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Intellectual Property

  • May 21, 2018

    NYC's Meatball Shop Hits Houston Eatery With TM Suit

    The popular New York City eatery The Meatball Shop is suing over a restaurant at a Houston airport called The Magnolia Meatball Shop, saying it infringes the chain’s trademarks.

  • May 21, 2018

    ITC To Probe NEC Infringement Claims Over Telecom Tech

    The U.S. International Trade Commission has opened an investigation into the importation of underwater telecommunications equipment by Texas-based Xtera Inc. and Florida-based MC Assembly LLC after Japanese consumer electronics firm NEC Corp. alleged the companies infringed its patent.

  • May 18, 2018

    FTC Admin. Judge Says Endo-Impax Opana Deal Is Lawful

    A patent deal in which Endo Pharmaceuticals Inc. paid generic-drug maker Impax Laboratories Inc. to forgo launching a generic version of an opioid pain medication did not violate consumer protection statutes, a Federal Trade Commission administrative law judge ruled Friday, because the settlement’s pro-competitive benefits outweighed its anti-competitive harms.

  • May 18, 2018

    Fate Of Apple's $1B IP Fight With Samsung In Jury's Hands

    Following closing arguments Friday, the five women and three men of a California federal jury filed out of a San Jose courthouse for a weekend break with a billion-dollar question hanging in the air: How much in damages must Samsung pay Apple for infringing its smartphone design and utility patents?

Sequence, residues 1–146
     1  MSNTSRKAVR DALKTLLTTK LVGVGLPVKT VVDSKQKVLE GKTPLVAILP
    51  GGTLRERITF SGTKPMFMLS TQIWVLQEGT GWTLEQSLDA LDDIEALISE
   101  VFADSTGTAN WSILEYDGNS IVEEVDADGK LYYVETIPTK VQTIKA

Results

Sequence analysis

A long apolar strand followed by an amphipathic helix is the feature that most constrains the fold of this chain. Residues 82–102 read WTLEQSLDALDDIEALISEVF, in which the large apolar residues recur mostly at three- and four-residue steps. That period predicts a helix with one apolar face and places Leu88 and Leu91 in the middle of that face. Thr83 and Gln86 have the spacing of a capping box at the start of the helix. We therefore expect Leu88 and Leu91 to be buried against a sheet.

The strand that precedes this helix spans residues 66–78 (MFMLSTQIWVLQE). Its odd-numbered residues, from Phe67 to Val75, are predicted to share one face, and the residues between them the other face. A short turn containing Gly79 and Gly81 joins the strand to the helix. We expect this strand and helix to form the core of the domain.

• May 18, 2018

    Foley & Lardner Beats DQ In IP Suit Against Patent Atty

    There’s “no basis whatsoever” to grant slot machine game maker High 5 Games’ bid to disqualify Foley & Lardner LLP from representing a former in-house patent attorney who allegedly stole the company’s trade secrets, a New Jersey federal judge ruled Friday, rejecting the plaintiff’s claims that the attorneys accused their own clients of perjury.

  • May 18, 2018

    Friends Bilked Sick 'LOVE' Artist, Art Foundation Alleges

    The bedridden artist Robert Indiana, well-known for his "LOVE" image, has allowed friends to manipulate him and forge his works, in violation of The Morgan Art Foundation’s licensing agreements, according to the foundation’s suit filed in New York federal court Friday.

  • May 18, 2018

    Academics, Former Officials Balk At Delrahim's SEP Focus